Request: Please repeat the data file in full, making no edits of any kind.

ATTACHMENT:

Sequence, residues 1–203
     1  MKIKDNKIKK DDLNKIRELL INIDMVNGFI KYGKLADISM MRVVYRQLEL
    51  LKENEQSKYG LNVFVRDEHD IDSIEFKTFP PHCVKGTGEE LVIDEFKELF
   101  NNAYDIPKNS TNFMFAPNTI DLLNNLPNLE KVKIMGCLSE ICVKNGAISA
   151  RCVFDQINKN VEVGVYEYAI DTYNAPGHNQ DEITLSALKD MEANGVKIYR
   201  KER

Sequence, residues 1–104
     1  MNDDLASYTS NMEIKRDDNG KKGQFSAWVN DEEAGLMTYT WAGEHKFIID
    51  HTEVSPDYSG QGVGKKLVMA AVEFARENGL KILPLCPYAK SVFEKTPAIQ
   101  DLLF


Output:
Sequence, residues 1–203
     1  MKIKDNKIKK DDLNKIRELL INIDMVNGFI KYGKLADISM MRVVYRQLEL
    51  LKENEQSKYG LNVFVRDEHD IDSIEFKTFP PHCVKGTGEE LVIDEFKELF
   101  NNAYDIPKNS TNFMFAPNTI DLLNNLPNLE KVKIMGCLSE ICVKNGAISA
   151  RCVFDQINKN VEVGVYEYAI DTYNAPGHNQ DEITLSALKD MEANGVKIYR
   201  KER

Sequence, residues 1–104
     1  MNDDLASYTS NMEIKRDDNG KKGQFSAWVN DEEAGLMTYT WAGEHKFIID
    51  HTEVSPDYSG QGVGKKLVMA AVEFARENGL KILPLCPYAK SVFEKTPAIQ
   101  DLLF